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Entered, according to Act of Congress, in the year 1836,

B; Marsil, CAPEN & LYON, in the Clerk's Office of the District Court of Massachusetts.






The office of Poetry is to elevate, purify, and soften the human character; and thus promote civil, moral, and religious advance

It does this in a three-fvid manner; hy inculcating reverence and love towards God, or piety; awakening the spirit of national aggrandizement, or policy; teaching the true relations of men to each other and 10 Nature, or Paiiosophy. All poetry, which has not, at least, one of these three ailms, is iaise to its trust, and, whatever may be its temporary popularity, will die and be forgotten.

Truth only is i imortal -- and as Ideally, of all the faculties which man possesses, is the one gitted to ascend, as it were, to heaven, to bring thence the holy tire to illumine reason and kindle up the moral feelings, and is also fitted for continual progress towards perfection, it follows, that individuals having this endowment, are delegated to discover and display those aspects and relations of truth, which God, for purposes of wise discipline, no doubt, has placed within the compass of man's genius, but has not revealed to his instincts and senses; yet which must be understood and obeyed before he can be good, wise, and happy.

We may see, in this constitution of man's nature, why there are periods, when petry seems to decline and lose its power. These are seasons of transition; when the mass of mankind, having applied to the purposes of advancement, the old forms of truth, are restless for some new development of her power, usefulness, and beauty; while the poet, instead of ministering to this craving of the soul, only serves up the ancient models in new modes of expressioni. As easily might he reanimate an Egyptian mummy, by clothing it in modern babiliments, as now impose on mankind those forms of truth which made the wisdom of the Egyptians. The perfection of the poetic art will be reached, when its just philosophy shall enlighten and control its worldly policy, and both shall bring their richest treasures to the service and promotion of true piety.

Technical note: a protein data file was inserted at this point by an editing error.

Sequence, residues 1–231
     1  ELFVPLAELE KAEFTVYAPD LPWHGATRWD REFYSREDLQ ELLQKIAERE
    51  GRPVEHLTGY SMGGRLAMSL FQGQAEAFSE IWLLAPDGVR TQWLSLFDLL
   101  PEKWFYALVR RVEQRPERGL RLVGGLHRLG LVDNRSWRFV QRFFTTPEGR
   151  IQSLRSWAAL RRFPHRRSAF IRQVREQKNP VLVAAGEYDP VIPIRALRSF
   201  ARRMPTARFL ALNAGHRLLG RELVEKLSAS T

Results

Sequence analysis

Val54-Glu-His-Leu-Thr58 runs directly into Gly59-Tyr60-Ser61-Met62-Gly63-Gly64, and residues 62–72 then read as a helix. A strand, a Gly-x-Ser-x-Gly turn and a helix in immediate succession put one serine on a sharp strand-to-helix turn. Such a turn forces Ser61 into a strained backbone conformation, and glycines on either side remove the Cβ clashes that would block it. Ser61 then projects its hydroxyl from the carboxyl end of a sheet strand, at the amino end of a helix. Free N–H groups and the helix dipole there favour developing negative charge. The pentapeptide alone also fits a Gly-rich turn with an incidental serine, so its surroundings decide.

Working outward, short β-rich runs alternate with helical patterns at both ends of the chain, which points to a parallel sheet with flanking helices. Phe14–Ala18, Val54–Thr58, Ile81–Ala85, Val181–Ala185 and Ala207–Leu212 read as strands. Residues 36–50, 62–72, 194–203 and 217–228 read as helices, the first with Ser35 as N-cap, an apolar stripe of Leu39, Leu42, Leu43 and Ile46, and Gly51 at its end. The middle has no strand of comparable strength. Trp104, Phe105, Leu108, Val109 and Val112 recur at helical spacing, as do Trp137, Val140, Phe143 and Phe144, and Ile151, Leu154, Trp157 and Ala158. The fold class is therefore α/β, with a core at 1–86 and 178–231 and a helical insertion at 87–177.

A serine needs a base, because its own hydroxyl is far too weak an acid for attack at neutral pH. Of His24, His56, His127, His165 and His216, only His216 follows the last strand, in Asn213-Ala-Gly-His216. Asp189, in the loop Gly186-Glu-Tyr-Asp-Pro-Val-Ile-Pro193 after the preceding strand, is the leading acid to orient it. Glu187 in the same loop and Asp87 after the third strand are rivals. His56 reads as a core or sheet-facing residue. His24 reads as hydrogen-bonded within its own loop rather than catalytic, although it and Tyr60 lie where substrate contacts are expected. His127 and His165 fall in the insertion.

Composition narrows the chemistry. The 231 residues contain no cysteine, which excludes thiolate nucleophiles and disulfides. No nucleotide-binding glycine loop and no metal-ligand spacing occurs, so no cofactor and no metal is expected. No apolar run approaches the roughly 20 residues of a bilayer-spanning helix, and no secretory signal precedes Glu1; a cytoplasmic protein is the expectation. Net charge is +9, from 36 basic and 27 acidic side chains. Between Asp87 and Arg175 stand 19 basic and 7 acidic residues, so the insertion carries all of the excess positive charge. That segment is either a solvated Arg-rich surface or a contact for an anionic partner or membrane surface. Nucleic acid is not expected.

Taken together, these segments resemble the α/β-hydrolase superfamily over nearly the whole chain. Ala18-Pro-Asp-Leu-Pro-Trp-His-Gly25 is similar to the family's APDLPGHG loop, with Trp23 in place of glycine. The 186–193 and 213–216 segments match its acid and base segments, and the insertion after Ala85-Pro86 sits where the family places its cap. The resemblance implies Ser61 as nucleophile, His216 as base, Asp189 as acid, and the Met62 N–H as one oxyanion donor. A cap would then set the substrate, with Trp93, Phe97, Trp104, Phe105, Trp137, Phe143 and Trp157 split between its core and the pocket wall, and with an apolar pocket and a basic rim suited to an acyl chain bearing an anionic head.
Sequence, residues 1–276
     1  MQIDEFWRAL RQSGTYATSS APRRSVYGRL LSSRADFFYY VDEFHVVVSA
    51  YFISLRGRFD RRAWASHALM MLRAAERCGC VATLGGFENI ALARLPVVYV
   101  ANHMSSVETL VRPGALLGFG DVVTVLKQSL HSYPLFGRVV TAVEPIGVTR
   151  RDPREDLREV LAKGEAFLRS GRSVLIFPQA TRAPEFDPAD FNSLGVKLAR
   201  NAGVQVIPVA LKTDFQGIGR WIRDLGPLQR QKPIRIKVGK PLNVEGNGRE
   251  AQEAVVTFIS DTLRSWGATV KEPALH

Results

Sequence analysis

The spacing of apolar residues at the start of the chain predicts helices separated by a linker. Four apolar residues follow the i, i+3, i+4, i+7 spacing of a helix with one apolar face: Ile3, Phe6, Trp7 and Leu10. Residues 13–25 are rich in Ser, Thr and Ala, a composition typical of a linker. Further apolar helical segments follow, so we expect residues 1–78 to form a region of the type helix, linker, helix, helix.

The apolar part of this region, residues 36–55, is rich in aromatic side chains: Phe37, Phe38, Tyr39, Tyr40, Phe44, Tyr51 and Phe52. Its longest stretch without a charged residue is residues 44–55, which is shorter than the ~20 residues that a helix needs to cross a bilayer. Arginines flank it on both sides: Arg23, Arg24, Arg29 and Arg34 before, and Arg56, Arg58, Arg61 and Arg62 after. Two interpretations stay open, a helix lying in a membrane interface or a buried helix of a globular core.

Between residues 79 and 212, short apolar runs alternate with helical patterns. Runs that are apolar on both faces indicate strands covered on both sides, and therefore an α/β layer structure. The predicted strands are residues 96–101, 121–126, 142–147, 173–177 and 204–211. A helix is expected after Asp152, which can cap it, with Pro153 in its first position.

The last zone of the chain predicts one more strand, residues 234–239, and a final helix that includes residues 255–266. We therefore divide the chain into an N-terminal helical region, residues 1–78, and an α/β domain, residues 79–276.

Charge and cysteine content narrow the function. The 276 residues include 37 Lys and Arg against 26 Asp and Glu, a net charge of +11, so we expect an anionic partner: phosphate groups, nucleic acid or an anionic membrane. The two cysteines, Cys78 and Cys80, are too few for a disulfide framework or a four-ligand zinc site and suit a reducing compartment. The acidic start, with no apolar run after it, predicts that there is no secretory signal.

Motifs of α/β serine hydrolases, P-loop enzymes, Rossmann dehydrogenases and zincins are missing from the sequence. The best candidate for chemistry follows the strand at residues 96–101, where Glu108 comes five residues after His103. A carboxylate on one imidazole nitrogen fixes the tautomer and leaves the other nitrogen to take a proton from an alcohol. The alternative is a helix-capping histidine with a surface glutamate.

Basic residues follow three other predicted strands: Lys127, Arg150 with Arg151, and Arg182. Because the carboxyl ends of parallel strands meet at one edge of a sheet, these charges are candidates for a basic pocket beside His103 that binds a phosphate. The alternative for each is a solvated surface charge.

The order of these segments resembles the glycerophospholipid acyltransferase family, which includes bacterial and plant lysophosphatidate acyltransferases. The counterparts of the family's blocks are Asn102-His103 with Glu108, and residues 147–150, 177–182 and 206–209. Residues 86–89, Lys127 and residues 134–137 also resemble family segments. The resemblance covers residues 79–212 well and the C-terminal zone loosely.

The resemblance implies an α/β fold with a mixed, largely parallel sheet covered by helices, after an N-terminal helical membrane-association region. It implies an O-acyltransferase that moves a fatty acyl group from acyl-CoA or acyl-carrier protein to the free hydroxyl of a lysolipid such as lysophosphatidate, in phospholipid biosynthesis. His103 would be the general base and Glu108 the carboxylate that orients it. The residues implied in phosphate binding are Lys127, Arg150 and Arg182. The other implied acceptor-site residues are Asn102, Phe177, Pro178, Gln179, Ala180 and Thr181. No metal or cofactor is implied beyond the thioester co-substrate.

The poetry of devotion, or piety, can only be perfected where the knowledge of the true God prevails. This is the poetry of the Bible; the first on record; and the sacred lyre was early in the hand of woman, (witness the song of Deborah,) and in her hand it should be found.

The great poets of the heathen world were those of policy only; for their gods were of human invention and human passions; and much, very much of the poetry of Christian bards rises no higher than the heathen standard. It is the lofty and complete picture of national aggrandizement which Homer and Virgil drew, the greatness of the deeds, aims and passions they describe, that makes their works standards of human genius in this department of poetry. But here, woman has no place; her harp cannot move stones, nor tame beasts. She must wait till the flowers bloom and the birds appear. But when, in the progress of truth, policy (or selfishness) gives place to juster notions of what constitutes human happiness, then “divine philosophy” comes to the poet's aid, breathes into his soul the wisdom from above, gifts him to see and reveal the glories and mysteries of Nature, and teach that “true self love and social are the same;" that there is no pursuit really noble and good, that does not aim to promote the good of others; and no dignity and purity in man, that is not derived from his spiritual likeness to his Saviour. In this, the best and most exalted office of the muse, woman is morally gifted to excel. She has already entered on her province. It is to encourage her efforts, and dispose all who are wishing for the advancement of morals, to reflect on the aid which, in the present state of society, the cultivated genius of woman may impart, that I have prepared this volume.

Two principles have guided my selections; one, to admit no poetry unless its aim was “ upward and onward;" the other, to allow place to those writers only whose style had some peculiar stamp of individuality, which marked their genius as original; and I have sought to give characteristic specimens from each.

I am aware that there are critics, who always speak of the "true feminine style," as though there was only one manner in which ladies could properly write poetry. I ask such to compare the poems of Mrs. Hemans and Mary Howitt, of Miss Taylor and Miss Landon, of Mrs. Sigourney and Miss Gould. Are not all these productions beautifully feminine, and yet different in their style of beauty? The truth is, woman has not such unlimited range of subjects as man; but in the manner of treating those within her province, she has a freedom as perfect as his; and the delicate shades of genius are as varied and distinctly marked in the one sex as its · bold outlines are in the other. There are more varieties of the rose than of the oak.

I cannot but believe that this book will find favor in the eyes of my own sex. It is particularly intended for young ladies—as a mirror, bright and polished, in which they may see reflected the beauty of virtue, the loveliness of the domestic affections, and the happiness of piety; as a wreath, whose flowers will always bloom to give pleasure, whenever the heart is opened to their influence.

Boston, November 1st, 1836.

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